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Feature | Retail Pricing
Beyond EDLP and HiLo: A new customised approach to retail pricing
By Ruth N. Bolton, W. P. Carey Chair in Marketing, W. P. Carey School of Business, Arizona State University, Detra Y. Montoya, Doctoral Candidate, W. P. Carey School of Business, Arizona State University and Venkatesh Shankar, Professor of Marketing and Coleman Chair in Marketing, Mays Business School, Texas A&M University
A Changing Retail Landscape
Developing a coherent and profitable pricing strategy has become an increasingly challenging task for grocery retailers in the US. In the past decade, the retail environment has become increasingly more competitive due to retailer consolidation and the growth of Wal-Mart. Innovations in information technology, supply chain management and centralised buying have significantly reduced retailer costs, where lower costs enable retailers to offer consistently lower prices than in the past. Retailers wrestle with a plethora of manufacturer trade deals – and consumers scramble after price discounts. In some instances, retailers are offering price discounts in response to competitive pressures - even when lower prices do not reflect lower costs. For example, the recent sale of Albertsons, including its Osco drug stores, has a profound impact on the retail landscape. Supervalu is now the number two grocery retailer in the US, while CVS continues to strengthen its position in the drug channel with the acquisition of Eckerd and Osco drug store chains. As new competitors enter a market, existing retailers are scrambling to sustain their market shares and re-evaluating their core marketing mix variables. In an environment of centralised decision-making, how can a local retailer react quickly enough to stay competitive? Our research suggests that there may be some flexibility in pricing decisions depending on local competitive factors. In fact, we have observed that retailers are moving toward an approach we call “customised pricing.” How prevalent are price discounts or ‘every day low price’ (EDLP) strategies? What retailer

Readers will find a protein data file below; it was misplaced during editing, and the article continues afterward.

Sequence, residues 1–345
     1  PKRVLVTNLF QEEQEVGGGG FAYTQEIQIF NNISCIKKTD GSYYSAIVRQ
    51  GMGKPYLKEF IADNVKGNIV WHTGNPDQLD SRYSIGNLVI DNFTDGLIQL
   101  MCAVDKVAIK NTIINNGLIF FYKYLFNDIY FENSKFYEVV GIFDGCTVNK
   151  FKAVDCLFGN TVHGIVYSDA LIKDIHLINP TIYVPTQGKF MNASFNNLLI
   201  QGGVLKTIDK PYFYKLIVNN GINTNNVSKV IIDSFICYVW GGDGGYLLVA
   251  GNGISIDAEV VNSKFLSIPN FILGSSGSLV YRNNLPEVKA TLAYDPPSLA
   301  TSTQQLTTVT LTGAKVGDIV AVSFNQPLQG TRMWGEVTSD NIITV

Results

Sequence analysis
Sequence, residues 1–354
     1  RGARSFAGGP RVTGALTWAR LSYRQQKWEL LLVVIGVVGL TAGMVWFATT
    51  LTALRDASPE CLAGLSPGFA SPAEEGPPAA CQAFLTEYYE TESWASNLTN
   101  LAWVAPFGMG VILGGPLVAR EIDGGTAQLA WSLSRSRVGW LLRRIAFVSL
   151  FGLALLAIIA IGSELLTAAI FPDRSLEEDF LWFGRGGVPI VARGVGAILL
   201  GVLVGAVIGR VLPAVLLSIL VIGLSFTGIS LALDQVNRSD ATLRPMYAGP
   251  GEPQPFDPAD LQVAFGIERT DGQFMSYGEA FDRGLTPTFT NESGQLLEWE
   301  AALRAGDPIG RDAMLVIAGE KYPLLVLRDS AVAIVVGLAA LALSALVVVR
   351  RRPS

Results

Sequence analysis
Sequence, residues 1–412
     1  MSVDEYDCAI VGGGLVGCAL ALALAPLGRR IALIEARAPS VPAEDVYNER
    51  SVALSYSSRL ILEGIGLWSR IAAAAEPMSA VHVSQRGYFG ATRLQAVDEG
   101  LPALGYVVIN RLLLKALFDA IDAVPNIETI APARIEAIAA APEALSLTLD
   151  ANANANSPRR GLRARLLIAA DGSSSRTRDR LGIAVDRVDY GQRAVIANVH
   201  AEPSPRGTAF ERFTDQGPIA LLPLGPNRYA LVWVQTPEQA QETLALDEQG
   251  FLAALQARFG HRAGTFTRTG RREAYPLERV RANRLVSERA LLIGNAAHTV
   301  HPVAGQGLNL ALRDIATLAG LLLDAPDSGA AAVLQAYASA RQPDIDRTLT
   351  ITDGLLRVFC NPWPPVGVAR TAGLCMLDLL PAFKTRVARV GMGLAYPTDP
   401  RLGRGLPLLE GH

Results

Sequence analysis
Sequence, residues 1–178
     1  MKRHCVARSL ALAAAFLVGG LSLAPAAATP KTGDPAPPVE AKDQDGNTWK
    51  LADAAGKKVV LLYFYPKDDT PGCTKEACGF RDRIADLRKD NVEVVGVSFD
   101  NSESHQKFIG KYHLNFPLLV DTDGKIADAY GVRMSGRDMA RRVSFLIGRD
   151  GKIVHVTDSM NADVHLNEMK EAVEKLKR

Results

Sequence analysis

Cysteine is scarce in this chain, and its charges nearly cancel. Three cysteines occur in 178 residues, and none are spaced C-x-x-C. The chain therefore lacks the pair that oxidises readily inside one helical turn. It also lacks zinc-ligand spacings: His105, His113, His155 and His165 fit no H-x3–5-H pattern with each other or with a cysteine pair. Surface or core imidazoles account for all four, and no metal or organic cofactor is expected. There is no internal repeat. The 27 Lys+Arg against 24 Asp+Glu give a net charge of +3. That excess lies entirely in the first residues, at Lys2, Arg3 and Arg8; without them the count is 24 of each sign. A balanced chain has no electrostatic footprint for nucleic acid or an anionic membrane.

pricing strategies are likely to be successful in today’s competitive markets? In recent work, these questions have been addressed in a largescale empirical study (Bolton & Shankar, 2003; Shankar & Bolton, 2004). Based on these findings, we argue that US retailers have been forced to construct new innovative pricing strategies to remain competitive and (in some cases) keep stores open for business (Bolton et al, 2005). We refer the interested reader to these articles for technical details. In this article, we focus on lessons for retailers regarding the customisation of pricing strategies and tactics.
Current Pricing Strategies: The evidence